FBI analyzing improved underwear bomb, sees signature of al Qaeda's Arabian affiliate

Ibrahim Hassan al-Asiri constructed the first underwear bomb used in 2009 plot, and two other devices that al Qaeda built into printer cartridges and shipped to the U.S. on cargo planes in 2010. CBS

(CBS News) The newest version of a bomb that can be hidden on a terrorist suicide bomber intending to down an airliner is now at the FBI's laboratory at Quantico, Va. being examined by bomb technicians in the Explosive Section.

The efforts that led to the recovery of the device before it could be smuggled onto a plane were a joint effort involving the CIA and other U.S. and international intelligence agencies that unfolded quietly over a period of weeks.

"The recovery of the device was a team sport. It is another example of outstanding international counterterrorism cooperation," a senior U.S. official told CBS News. The official said that at no time was any airplane or airline passenger in danger from the plot.

"We disrupted this plot well before it was ever a threat to the United States," the official said.

The new bomb -- with modified features meant to improve on the device that failed to blow up onboard Northwest Airlines Flight 253 over Detroit on Christmas Day 2009 -- is believed to be the work of Ibrahim al-Asiri, the top explosive expert for al Qaeda in the Arabian Peninsula.

CIA thwarts new al Qaeda underwear bomb plot

"AQAP is the responsible group here. We believe AQAP produced the device, and we believe it was intended to be used by a suicide bomber on an aircraft," said the U.S. official.

Bomb technicians looked at the device that was seized and said it had the hallmarks and signature of previous devices made by AQAP. Sources told CBS News the bomb was designed to avoid detection at metal detectors.

"The device and the plot are consistent with what we know about AQAP's plans, intentions, and capabilities. They remain committed to striking targets in Yemen, Saudi Arabia, the homeland, and Europe," the official said. "And AQAP is probably feeling pressure to conduct a successful attack to, from their perspective, avenge the deaths of bin Laden and Awlaki."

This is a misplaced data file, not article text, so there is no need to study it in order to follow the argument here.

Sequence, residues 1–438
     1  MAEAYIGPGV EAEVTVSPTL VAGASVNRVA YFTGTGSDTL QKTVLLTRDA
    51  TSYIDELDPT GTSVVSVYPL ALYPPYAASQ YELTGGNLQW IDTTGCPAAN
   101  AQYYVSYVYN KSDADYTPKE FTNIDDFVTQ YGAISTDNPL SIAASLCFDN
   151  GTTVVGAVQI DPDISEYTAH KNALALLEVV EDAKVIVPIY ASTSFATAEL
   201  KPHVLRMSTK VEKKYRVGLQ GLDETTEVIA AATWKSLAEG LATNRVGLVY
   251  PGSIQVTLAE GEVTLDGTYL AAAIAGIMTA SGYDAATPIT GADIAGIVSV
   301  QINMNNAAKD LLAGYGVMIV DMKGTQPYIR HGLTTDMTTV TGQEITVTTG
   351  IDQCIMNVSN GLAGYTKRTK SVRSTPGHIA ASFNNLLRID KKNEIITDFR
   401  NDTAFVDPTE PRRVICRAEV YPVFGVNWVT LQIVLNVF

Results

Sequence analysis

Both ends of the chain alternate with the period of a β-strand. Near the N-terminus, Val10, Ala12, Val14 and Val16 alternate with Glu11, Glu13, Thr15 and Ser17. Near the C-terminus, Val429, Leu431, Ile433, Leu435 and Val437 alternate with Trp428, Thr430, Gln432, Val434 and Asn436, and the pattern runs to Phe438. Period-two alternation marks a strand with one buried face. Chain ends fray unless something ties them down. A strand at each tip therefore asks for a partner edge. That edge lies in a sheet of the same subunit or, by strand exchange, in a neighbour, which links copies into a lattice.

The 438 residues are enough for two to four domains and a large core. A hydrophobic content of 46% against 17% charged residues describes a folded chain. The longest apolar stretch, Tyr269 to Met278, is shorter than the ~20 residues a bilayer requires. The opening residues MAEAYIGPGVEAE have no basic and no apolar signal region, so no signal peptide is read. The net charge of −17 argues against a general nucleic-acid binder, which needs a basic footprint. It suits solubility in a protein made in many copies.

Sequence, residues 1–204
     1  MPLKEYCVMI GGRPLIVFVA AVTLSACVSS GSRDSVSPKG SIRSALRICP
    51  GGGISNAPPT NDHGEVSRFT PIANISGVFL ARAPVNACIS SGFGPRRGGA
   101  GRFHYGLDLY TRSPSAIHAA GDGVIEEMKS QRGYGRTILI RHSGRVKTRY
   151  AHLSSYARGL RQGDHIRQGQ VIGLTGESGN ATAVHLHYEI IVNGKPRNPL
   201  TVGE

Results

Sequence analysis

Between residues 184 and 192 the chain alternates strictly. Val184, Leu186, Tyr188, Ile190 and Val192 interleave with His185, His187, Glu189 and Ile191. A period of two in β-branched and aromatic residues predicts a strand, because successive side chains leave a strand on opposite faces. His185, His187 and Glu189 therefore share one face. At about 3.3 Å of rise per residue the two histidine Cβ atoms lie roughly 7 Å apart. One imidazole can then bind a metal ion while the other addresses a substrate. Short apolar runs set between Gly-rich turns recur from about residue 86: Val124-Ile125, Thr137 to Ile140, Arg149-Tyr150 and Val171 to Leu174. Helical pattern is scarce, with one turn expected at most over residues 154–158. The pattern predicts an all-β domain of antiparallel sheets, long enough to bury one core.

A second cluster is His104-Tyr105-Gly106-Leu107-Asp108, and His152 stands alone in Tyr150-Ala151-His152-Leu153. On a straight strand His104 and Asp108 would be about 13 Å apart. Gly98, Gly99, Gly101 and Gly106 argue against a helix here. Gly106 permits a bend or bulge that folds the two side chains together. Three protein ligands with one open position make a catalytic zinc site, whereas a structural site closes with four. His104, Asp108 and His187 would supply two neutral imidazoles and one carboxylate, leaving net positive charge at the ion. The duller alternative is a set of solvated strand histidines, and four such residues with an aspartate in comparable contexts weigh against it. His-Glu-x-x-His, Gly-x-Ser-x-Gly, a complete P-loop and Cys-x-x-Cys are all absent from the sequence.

AQAP, intelligence officials say, was given the assignment by al Qaeda's front office in Pakistan to take over the lead in executing a plot against the United States and Great Britain. The lead was given to the Yemen based al Qaeda affiliate after al Qaeda in Pakistan came under siege from drone strikes that killed key leaders and operators.

At the same time, AQAP has been at war with the government in Yemen, seizing towns and patches of territory in the country's tribal regions.

A U.S. official said that has allowed AQAP to grow in size and influence.

"It is our assessment that the threat form AQAP is growing due to the territorial gains the group made during the political standoff in Yemen that lasted from early 2011 until this past February," the official said. "Those territorial gains have allowed the group to establish additional training camps."

The FBI's Terrorist Explosive Device Exploitation Center will examine the new device and try to develop information that can be shared with airport screeners around the world.

"We are confident that the study of the device will yield valuable insights that will aid us in adapting security practices and counterterrorism operations here and abroad," a senior U.S. official said.

  • John Miller

    John Miller is a senior correspondent for CBS News, with extensive experience in intelligence, law enforcement and journalism, including stints in the Office of the Director of National Intelligence and the FBI.

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